4) Engagement.  It’s about being part of the conversation – whether it be among employees, your industry, your investors, the media, etc.  “It’s free, it’s widely used, and it enables you to tap into the zeitgeist of your industry on a real-time basis,” says Tom.  For more on this subject, read Gary Vaynerchuk’s terrific book The Thank You Economy.  I can’t do it justice here, but Gary describes how everyone – from global brands to the local dentist – are using Twitter and social media to engage and getting MASSIVE benefits from it.

CEOs must be good at a lot of things to succeed.  Communication has traditionally been considered one of them.  With Twitter and social media at large, I’d argue that communication is more important than ever.  If you’re a startup CEO and you’re not using Twitter, GET STARTED NOW.

It takes time to earn the benefits, but they’ll be there over time.  #promise!

(No, GGV is not an investor in Twitter.  Kinda wish we were, though…)

One of the Best Companies You’ve Never Heard Of (Until Now)

Really fired up to see a terrific article from Hamish Mckenzie (Pando Daily) on China’s Mobile Internet leader UCWeb.

Two thoughts:

First, we (GGV Capital) have been saying for several years now that it is only a matter of time until the US tech community becomes aware of innovative technology and business models invented in China.  UCWeb is one example, YY is another (both are GGV portfolio companies).

Innovation in China is taking pace at a blistering pace.  We are now seeing a second generation of web entrepreneurs, having built incredibly successful companies like Alibaba, Baidu, TenCent, Sina, raising venture capital and launching new companies that will be hitting US radar screens a few years down the road.

I might add – by the way – that we are also seeing a massive uptick in active dialogue and efforts by US companies to do business in China.  I met with two US players in the mobile space this past week who now have 10% and 16% of their business in China, respectively (and both are still in the “startup” phase – <$20M in revenue).

Second, I was really impressed that Hamish took the time to understand UCWeb.  Many US writers will instantly look to write a story that says “______ is the ______ of China…” and not take the time to understand the nuances of the company and its business that are actually radically different from anything in the US (Tudou/Youku is not the “YouTube of China,” RenRen is not the “Facebook of China,” etc.).  Kudos to Hamish for a great article.

Not All “Venture Capitalists Turn Their Backs on China”

Saw this article in VentureBeat this morning: “As Venture Capitalists Turn Their Backs on China, Funding Dries Up.”

Spurred a few thoughts:

1) Good investors invest in good and bad markets.  They do their homework and focus on finding the best entrepreneurs even when the markets are cloudy.  We invested in Alibaba Group in the early 2000’s when most investors were scared to death of China, and it’s been one of the greatest venture investments of all time – anywhere.  We consistently put $100M+ to work each year in China and the US, and we will again this year.  We’ve been doing it for 12 years – consistently – and entrepreneurs know they can count on GGV to support them regardless of what the public markets are doing.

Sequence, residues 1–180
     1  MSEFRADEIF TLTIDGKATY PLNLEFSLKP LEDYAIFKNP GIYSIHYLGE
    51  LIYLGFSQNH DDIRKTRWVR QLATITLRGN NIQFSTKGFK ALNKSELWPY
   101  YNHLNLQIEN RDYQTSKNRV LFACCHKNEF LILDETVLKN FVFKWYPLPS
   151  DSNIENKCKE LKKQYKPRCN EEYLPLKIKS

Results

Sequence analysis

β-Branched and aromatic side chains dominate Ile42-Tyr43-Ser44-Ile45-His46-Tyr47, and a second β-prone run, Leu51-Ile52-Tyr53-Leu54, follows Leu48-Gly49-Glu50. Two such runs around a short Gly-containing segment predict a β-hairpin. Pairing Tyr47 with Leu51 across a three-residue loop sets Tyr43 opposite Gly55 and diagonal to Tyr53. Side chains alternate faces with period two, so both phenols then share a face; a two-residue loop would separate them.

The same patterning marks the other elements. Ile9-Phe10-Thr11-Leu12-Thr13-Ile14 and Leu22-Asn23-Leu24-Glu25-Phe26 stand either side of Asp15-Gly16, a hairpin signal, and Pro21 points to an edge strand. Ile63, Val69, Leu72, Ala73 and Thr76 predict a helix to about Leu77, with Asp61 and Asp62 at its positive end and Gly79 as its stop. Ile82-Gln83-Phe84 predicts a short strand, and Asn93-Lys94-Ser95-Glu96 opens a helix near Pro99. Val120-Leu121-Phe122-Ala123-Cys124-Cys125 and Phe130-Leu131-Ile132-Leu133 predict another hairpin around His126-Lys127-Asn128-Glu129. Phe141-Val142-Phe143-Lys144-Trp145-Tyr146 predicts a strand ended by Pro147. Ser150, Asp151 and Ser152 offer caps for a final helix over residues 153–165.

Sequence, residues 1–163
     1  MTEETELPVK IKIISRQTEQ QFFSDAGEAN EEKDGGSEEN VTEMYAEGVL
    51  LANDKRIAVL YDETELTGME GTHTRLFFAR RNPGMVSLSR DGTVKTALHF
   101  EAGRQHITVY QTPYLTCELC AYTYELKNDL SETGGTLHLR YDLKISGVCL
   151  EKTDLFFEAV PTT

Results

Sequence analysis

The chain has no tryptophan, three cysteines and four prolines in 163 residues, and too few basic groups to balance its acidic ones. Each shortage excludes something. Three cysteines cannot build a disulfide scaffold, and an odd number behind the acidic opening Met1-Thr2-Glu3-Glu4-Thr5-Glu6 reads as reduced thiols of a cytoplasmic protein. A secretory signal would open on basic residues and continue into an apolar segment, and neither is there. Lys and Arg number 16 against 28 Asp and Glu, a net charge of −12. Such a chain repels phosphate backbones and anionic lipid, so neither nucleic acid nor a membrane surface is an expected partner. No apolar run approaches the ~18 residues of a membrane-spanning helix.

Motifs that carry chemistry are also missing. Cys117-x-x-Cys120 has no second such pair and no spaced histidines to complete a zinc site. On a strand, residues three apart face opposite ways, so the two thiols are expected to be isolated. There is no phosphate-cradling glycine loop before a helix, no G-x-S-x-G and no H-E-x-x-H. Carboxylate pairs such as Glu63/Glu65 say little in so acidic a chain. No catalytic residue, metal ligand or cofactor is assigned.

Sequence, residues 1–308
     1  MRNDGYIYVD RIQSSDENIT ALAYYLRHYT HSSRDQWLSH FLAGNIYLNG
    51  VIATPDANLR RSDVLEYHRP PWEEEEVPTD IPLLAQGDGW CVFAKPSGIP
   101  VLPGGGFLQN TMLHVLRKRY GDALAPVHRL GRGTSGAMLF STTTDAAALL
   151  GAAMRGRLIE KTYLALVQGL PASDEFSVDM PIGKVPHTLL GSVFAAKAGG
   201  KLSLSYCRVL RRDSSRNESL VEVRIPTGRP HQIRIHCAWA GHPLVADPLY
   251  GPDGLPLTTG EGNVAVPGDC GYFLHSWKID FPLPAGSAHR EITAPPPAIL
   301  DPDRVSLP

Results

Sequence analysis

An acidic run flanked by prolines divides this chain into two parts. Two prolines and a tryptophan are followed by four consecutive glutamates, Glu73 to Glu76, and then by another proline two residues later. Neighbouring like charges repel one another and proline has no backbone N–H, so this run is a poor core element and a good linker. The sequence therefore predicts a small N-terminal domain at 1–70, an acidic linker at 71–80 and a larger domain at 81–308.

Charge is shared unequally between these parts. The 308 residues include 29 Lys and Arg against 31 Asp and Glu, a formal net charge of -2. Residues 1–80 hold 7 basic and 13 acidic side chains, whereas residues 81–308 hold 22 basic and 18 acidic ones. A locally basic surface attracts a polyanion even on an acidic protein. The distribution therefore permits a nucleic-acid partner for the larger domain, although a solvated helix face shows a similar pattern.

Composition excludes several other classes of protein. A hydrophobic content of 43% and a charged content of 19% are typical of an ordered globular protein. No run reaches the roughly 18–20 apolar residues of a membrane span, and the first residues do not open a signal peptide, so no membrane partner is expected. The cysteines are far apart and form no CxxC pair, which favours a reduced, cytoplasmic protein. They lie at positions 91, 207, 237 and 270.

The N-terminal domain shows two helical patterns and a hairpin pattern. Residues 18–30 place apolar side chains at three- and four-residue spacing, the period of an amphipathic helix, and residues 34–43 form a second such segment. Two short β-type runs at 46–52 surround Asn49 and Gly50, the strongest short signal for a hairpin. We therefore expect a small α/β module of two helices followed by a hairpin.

2) The bar has been raised.  In hot markets, VC’s can throw money at copycat concepts and weak businesses in hopes they can “flip” them to the next set of investors (note: this happens in all markets, not just China).  This never works over the long run.  The bar raises, and VC’s have to work hard to find the best companies.  I am of course biased, but I believe firms that have been investing locally in China for the long term will have an advantage.  They have seen up and down markets, have the strongest relationships with the best entrepreneurs, and have built the infrastructure and teams to do their homework and find the best companies.  I know my Partners at GGV – as well as many of our strongest, long-term competitors in the market – have never been more excited.

3) The trends don’t lie.  There are still 500 million Internet users in China.  Android and iOS are taking the mobile phone market – 1 billion strong – by storm.  Consumers are rapidly turning China into the #1 market for every luxury goods maker in the world – from Mercedes to Apple to Coach.  If you want disruption on a massive scale, there is no better market than China.  Entrepreneurs know it, and the long term VC’s know it.

4) There are risks.  I won’t go into all the details, but yes there are major risks to investing in China (as there are in any emerging market).  They include competitive, regulatory, legal, currency, etc.  Some of these risks are why investors have pulled back on China.  It can be scary to invest in a new market.  Local investors with local knowledge, local relationships and deep industry knowledge tend to win when markets get scary.  As the saying goes “the tourists go home.”